Ⅱ. Methods

1. Participants

This investigation relied on data from the Korean National Health and Nutrition Examination Surveys conducted by the Korean Center for Disease Control and Prevention. A comprehensive survey of 37,753 individuals was conducted from 2008 to 2011 using a complex sampling method known as stratified, clustered, multistage probability sampling. Of these, 35,355 individuals were excluded from the study because they did not fall within the 20 to 29 age range for women. Consequently, the final sample size for the study comprised 1,945 participants. An additional 709 participants were excluded because they had not undergone a dual-energy X-ray absorptiometry examination or completed the health survey. Another 236 participants were excluded because they had neither pure sarcopenia nor pure obesity. In this ultimate group, a subset of 1000 women aged between 20 and 29 years was selected for analysis. These participants were then categorized into two groups based on their skeletal muscle mass index score, with eight individuals constituting the SO group and the remaining 992 individuals classified as the normal group. The study received ethical approval from the institutional review board of the Center for Disease Control and Prevention, and all participants provided informed written consent to participate in the study.

2. Sarcopenic Obesity Definition

The two facets of SO, encompassing the simultaneous frequency of age-related skeletal muscle mass loss and obesity, are explicated as follows. Sarcopenia, which is age-related skeletal muscle mass loss, was assessed by measuring the appendicular skeletal muscle mass using dual X-ray absorptiometry (DEXA, QDR4500A Hologic, Inc., Bedford, MA, USA). The skeletal muscle mass index (SMI) was derived by dividing the appendicular skeletal muscle mass (ASM) obtained from DEXA by the body mass index (BMI), expressed in kilograms per square meter (kg/m2) The Foundation for the National Institutes of Health Age-related Loss of Skeletal Muscle Mass Project established the criteria for diagnosing age-related skeletal muscle mass loss. In females, age-related skeletal muscle mass loss is defined as having an SMI below .521. This methodology was applied to diagnose age-related skeletal muscle mass loss within the study cohort [32]. Obesity is characterized by abnormal or excessive body fat accumulation, adversely affecting overall health. Identification is based on a BMI ≥ 25 kg/m2 and central obesity, which is denoted by a waist circumference (WC) exceeding 90 cm among the Asian population [23].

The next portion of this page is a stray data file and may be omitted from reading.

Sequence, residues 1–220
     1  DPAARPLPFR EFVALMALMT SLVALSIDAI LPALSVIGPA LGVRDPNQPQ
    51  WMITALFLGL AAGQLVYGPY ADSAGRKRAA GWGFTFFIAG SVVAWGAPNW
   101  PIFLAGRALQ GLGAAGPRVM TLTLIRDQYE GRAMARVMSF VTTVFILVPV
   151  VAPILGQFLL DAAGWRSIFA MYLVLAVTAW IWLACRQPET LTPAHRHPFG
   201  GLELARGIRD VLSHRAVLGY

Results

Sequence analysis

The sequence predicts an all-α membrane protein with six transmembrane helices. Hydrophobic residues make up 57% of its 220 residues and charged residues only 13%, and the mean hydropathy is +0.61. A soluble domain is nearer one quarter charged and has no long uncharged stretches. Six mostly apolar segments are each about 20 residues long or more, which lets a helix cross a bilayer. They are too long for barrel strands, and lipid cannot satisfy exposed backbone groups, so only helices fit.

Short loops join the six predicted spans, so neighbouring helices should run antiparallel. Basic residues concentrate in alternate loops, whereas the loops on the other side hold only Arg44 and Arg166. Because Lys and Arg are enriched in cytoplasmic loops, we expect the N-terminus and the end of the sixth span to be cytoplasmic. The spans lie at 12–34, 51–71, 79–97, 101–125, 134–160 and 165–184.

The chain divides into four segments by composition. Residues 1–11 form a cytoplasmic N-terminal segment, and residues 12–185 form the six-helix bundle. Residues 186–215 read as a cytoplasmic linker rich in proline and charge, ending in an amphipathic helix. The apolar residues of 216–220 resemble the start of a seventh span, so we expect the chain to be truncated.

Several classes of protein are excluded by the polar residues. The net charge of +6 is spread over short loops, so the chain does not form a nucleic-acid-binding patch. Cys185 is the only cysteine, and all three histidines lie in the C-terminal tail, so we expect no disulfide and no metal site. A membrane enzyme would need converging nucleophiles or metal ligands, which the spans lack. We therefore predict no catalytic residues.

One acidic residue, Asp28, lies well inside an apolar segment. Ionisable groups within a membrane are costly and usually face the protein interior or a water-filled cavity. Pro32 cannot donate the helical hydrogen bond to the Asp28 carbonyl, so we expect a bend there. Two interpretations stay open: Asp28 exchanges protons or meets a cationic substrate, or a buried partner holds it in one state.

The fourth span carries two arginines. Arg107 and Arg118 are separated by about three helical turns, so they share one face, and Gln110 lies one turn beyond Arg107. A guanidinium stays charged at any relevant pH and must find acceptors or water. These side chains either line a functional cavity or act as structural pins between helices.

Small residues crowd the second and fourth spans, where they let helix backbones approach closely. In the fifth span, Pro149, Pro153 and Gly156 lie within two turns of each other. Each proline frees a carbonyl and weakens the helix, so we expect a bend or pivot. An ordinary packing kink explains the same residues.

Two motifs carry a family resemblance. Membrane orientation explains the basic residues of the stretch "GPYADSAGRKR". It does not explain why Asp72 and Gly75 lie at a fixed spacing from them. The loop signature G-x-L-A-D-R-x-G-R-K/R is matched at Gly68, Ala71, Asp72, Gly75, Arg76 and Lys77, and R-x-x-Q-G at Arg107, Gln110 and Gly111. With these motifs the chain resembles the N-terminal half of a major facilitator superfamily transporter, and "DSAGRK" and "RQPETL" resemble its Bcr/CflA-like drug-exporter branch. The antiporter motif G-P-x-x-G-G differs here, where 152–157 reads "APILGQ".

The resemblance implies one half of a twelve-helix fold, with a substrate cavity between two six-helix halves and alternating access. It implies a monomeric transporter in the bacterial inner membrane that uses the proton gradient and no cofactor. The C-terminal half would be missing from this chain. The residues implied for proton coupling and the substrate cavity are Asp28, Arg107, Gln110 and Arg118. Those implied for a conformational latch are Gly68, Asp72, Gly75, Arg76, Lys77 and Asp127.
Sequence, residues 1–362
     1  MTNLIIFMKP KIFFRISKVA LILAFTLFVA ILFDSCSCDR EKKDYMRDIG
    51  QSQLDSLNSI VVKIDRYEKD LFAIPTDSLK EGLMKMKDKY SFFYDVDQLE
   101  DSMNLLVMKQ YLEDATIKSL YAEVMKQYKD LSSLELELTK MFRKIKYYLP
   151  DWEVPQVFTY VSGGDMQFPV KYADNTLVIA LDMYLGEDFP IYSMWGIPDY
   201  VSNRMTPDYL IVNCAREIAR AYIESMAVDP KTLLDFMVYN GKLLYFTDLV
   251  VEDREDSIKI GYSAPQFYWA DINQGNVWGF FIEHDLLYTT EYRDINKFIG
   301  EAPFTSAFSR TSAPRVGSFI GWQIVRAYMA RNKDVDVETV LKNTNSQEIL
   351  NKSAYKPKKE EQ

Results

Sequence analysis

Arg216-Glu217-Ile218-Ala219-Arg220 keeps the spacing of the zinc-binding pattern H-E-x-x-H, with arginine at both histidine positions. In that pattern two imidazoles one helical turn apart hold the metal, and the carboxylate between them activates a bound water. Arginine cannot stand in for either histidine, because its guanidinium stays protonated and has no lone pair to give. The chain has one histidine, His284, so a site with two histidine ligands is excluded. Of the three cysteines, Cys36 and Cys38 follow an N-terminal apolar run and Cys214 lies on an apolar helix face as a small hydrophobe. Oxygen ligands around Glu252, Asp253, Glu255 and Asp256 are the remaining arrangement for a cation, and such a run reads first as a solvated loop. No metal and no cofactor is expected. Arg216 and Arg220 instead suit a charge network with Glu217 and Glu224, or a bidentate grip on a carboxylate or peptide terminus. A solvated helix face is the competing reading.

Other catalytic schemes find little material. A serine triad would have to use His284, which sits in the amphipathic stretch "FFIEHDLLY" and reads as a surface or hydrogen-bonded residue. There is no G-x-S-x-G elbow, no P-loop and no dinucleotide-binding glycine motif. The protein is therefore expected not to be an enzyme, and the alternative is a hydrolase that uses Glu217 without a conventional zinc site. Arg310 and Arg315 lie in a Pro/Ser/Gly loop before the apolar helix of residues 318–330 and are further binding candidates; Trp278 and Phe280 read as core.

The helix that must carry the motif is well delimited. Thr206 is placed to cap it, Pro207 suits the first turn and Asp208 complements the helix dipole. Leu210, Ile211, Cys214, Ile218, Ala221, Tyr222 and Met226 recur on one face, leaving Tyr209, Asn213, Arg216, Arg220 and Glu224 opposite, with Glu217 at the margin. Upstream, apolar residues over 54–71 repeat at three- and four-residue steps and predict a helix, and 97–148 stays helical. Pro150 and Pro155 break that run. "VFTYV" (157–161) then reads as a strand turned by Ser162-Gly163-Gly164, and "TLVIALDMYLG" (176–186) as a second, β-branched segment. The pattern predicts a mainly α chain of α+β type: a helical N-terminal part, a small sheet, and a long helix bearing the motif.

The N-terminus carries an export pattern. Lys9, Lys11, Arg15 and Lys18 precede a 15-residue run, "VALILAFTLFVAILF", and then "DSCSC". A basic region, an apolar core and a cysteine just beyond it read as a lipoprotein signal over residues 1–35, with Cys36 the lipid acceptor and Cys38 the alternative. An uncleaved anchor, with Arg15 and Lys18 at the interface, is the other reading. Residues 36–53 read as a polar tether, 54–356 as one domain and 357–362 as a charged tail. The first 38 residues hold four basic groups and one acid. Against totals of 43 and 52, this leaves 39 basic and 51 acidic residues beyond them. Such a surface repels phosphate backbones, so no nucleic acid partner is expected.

3. Research Variables